Death in the Ontological Sense

“The ‘they’ does not permit us the courage for anxiety in the face of death. What is ‘fitting’ according to the unuttered decree of the ‘they’ is indifferent tranquility to the fact that one dies. The cultivation of such a ‘superior’ indifference alienates Dasein from its ownmost non-relational potentiality-for-Being.”
–Martin Heidegger
Being and Time

Death is not an external threat waiting to erase the life of the biological being nor is it an internal threat which slowly erodes the soul of the spiritual being. Death is neither inside the human being nor outside the human being. Death is the human being.

But what does this imply? What does it mean to say that death is the human being? This means that death, not as an event, but as a constitutive element of our existence is that which allows the human being to reach their full potentiality. The human being cannot be complete until they have died.

The existential wealth of the human life can be derived from the notion that we are future seeking creatures. No matter how far along we are in our lives our mind will always be ahead of us. This rupturing of the mind and body is the essence of our being-towards-death (death being the universal end which all biological organisms lean towards).
Keeping this in mind, the idea that death does not oppose our humanity but validates our humanity we arrive at not only a deeper conception of death but a correspondingly deeper conception of the human being. The human being becomes ‘whole’ through death. This wholeness, once attained, tears us away from our existence as fragmented beings.

But this tearing away from ourselves is not to be recognized as a dispersion of our being rather it is to be recognized as a metamorphosis of our being. This death is not a mere modification of the human being in the sense that we are being reformed. For reformation implies a mere reorganization of parts. Rather, this is more akin to a rebirth. The human being as a fragmented being is annihilated and this creates the vacuum whereby the human being as whole being can be born.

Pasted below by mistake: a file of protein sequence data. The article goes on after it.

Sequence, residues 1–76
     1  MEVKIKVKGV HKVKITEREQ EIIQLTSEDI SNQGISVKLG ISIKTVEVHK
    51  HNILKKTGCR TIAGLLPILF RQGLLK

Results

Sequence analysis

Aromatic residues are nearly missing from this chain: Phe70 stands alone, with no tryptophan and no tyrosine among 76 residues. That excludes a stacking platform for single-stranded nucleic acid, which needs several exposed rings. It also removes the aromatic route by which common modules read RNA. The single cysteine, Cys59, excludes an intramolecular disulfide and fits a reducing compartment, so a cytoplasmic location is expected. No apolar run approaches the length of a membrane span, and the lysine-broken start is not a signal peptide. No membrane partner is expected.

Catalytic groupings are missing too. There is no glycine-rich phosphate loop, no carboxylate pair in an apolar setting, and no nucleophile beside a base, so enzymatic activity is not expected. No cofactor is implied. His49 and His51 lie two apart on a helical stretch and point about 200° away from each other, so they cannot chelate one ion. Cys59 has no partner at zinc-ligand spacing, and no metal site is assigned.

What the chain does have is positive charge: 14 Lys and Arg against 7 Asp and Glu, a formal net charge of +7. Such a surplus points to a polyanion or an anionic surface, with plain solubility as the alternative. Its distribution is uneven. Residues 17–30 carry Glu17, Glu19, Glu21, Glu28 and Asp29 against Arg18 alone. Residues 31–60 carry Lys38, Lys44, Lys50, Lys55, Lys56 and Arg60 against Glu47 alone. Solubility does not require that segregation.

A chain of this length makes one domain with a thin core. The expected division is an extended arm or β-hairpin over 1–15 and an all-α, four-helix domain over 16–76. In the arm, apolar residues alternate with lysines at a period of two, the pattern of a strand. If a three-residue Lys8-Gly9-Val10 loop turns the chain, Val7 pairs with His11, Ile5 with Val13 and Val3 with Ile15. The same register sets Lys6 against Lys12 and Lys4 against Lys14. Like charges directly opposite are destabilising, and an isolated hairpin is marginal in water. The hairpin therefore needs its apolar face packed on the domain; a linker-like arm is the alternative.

In this context, the life and death of Christ becomes infinitely more profound in that his resurrection can no longer be viewed as a rising up from the dead but rather a rising up from the existential warzone of the fragmented being. Christ did not rise from death, for this implies that death is some external phenomenon which constrains us from without. Christ went through death, in that he was able to surmount the seemingly irreconcilable conflict which lies at the base of human existence. That conflict between the ever expanding demands of life and the apparent absurdity of death. By going through death Christ became the archetypal whole and this wholeness was that which enabled the rising up, not from death, but from a fragmented existence. This is death in the ontological sense.

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